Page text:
RTF | 08.10.2004 08:06 | European Social Forum
Thursday 14th October; 11am until late at the 491 Gallery (491 Grove Green Road, Leytonstone, London E11) (www.491gallery.com)
Tube: Leytonstone (Central Line); two stops from Stratford (Central line/ Jubilee line); Bus: 66, 145, 257, W13, W14, W16, W19; Train: Leytonstone High Road (Gospel Oak - Barking line) or Stratford (Richmond - North Woolwich line)
Entry: By donation
Summary: As an autonomous space with-in/out the London ESF, the Radical Theory Forum will host a series of daytime workshops/discussions on the theme of 'Radical theory: How can theory inform action?' followed by a party with film screenings, art installations, spoken word and damn good music.
Doors open for people to help to set up the space, listen to music, watch some activist films and browse around the ongoing gallery space.
Gallery: To be shaped by activist artists Guy Smallman, Julian Gibson and Christian da Souza.
Introduction - 'What is Radical Theory?'
1pm-2.30pm (Two parallel workshops run for 90min each):
1a) 'Beyond the Lecture Theatre: Subverting the Neoliberal Paradigm Through Popular Education' (facilitated by Emma Dowling)
* As the capitalist logic informs the management of schools and universities, its ideology hijacks the classroom - what role does free, popular education play in current activist projects and what new possibilities are there for virtual and face-to-face informal education?
1b) 'Who are "we"? Complexity and Social Movements: Theory and Practise' (facilitated by Alex Plows)
* One of the core elements of social movement theory is that for a social movement to 'be', it has to have a "collective identity" (Melucci 1996). Especially in the moment of action, that sense of "we", of "us and them", is notable- "we" are not the arms sellers at DSEI or the bullshitting warmongers - "we" are the people taking action against "them". Yet activists and theorists have long been problematising that sense of "we" in our movements. Not only is there great diversity and difference amongst "ourselves", our personal identities and motivations (though also much we all hold in common), this complexity becomes more problematic when eg globalisation throws up 'strange bedfellows' in terms of other actor groups who oppose the same issues but often for different reasons. Is "our movement" fragmenting? Was it always fragmented? Is "my enemy's enemy is not my friend" a context-dependant thing? Why does any of this matter? Open discussion.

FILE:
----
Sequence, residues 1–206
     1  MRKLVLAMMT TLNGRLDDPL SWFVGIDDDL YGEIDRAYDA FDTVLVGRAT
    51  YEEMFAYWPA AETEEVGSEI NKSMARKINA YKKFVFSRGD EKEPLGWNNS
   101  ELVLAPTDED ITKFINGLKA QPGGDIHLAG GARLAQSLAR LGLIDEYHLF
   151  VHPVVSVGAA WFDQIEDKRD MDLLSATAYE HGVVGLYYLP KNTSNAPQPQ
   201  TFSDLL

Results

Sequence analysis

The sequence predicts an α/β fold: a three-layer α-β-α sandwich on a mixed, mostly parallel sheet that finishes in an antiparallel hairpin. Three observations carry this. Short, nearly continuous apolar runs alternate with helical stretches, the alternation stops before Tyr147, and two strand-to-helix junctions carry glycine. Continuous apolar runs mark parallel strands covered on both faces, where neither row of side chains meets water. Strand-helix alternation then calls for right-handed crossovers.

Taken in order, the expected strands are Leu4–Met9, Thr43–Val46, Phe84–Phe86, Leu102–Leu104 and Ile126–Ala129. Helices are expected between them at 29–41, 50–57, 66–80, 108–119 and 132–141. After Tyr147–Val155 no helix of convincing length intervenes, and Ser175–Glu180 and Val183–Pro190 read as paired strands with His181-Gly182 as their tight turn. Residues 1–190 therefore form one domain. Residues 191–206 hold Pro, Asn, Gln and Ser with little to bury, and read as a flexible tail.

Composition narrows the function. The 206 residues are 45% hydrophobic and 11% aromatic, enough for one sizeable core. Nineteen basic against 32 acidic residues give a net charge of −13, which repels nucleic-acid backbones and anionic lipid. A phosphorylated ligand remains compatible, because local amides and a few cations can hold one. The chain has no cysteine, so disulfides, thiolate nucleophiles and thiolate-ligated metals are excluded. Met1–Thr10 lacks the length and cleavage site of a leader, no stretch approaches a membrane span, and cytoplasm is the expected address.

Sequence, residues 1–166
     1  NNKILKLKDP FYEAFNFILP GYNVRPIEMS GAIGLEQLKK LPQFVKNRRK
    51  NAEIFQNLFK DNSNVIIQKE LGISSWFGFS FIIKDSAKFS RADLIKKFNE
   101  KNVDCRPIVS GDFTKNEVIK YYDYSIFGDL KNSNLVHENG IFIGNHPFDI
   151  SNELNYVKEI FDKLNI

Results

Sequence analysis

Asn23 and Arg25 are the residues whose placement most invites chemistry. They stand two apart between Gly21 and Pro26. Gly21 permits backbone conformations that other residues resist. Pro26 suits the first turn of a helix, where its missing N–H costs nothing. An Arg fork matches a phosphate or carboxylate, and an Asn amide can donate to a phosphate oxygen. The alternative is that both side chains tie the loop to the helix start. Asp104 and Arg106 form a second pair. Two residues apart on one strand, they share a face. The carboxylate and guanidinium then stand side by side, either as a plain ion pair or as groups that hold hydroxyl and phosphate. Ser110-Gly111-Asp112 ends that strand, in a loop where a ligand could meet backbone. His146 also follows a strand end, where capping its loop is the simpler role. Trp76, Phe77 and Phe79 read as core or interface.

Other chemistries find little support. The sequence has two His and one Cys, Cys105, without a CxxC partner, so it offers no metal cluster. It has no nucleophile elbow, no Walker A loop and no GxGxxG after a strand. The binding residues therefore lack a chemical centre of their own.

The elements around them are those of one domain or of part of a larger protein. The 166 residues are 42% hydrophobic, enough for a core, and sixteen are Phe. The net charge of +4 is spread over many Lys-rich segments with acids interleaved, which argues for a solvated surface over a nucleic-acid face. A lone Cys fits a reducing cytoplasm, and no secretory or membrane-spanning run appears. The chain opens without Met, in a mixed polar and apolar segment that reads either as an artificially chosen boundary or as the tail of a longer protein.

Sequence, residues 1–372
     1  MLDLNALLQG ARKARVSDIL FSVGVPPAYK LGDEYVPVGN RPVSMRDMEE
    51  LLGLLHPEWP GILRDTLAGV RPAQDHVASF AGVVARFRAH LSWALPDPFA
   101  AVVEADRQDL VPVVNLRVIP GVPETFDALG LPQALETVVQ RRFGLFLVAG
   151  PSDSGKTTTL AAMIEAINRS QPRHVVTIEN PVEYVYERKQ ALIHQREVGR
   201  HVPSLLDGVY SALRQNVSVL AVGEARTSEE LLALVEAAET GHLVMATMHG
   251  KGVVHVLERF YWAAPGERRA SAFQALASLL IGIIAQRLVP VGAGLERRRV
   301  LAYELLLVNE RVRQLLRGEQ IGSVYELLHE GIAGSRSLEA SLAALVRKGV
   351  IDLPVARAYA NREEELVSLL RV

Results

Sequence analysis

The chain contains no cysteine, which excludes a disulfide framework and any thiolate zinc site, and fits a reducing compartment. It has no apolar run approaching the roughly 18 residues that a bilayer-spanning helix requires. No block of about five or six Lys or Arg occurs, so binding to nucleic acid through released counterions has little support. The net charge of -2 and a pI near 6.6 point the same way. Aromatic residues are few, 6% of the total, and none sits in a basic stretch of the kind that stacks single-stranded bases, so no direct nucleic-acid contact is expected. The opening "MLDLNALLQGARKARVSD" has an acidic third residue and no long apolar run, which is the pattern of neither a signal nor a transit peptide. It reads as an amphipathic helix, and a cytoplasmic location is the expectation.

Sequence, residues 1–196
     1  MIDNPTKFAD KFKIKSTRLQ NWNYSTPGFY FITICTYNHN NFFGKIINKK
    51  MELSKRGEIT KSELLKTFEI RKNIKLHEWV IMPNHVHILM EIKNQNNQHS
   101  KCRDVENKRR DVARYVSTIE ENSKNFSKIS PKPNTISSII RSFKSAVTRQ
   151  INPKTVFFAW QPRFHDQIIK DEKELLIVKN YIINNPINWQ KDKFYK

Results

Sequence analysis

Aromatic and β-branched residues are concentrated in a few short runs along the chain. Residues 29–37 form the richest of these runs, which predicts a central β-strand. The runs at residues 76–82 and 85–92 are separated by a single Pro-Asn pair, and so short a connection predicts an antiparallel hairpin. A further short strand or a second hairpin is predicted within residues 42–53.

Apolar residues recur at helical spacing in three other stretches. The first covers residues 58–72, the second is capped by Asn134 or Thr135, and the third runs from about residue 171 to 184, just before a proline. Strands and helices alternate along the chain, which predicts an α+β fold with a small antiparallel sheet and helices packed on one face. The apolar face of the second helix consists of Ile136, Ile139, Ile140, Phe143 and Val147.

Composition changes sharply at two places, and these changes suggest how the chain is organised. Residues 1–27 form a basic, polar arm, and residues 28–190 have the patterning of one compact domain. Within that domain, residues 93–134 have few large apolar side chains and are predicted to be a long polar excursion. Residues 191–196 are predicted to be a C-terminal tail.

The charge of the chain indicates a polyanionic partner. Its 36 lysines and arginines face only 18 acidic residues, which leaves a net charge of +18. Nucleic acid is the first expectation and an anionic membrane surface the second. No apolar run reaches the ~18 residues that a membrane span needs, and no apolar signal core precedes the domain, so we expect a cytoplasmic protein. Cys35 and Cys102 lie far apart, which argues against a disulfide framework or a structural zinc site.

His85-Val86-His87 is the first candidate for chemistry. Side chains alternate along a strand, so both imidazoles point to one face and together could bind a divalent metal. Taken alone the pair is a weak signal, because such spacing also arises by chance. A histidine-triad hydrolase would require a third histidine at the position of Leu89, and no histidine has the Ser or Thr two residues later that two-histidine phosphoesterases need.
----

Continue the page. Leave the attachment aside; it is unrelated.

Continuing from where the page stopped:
2.45-4.15pm (Two parallel workshops run for 90min each):
2a) 'Feminist Theory, Feminist Practice at the ESF/WSF' (facilitated by Catherine Eschle and Bice Maiguashca)
* This workshop will explore the contributions, limitations and possibilities of feminist activist and academic interventions in the ESF/WSF process. Although feminists succeeded in gaining a high profile at the last WSF, their presence in the ESF seems more marginal. Further, there has been little sustained analysis of the nature of their contribution. Indeed, while there exists a large body of feminist research critical of the impact of globalised capitalism, and analysis of feminist activism in that context, there has as yet been little theorisation of the place of feminism in the recent wave of anti-capitalist, anti-globalisation politics. This workshop seeks to bring together theoretical and activist concerns of feminists and fellow travellers involved in and studying the ESF/WSF. It will ask: what have feminists been doing, and what should they be doing, to engage with the ESF/WSF? What can feminist theory and practice offer the ESF/WSF and vice versa? How best can we research and theorise ESF/WSF politics in feminist ways? (Cate and Bice have confirmed they are running this)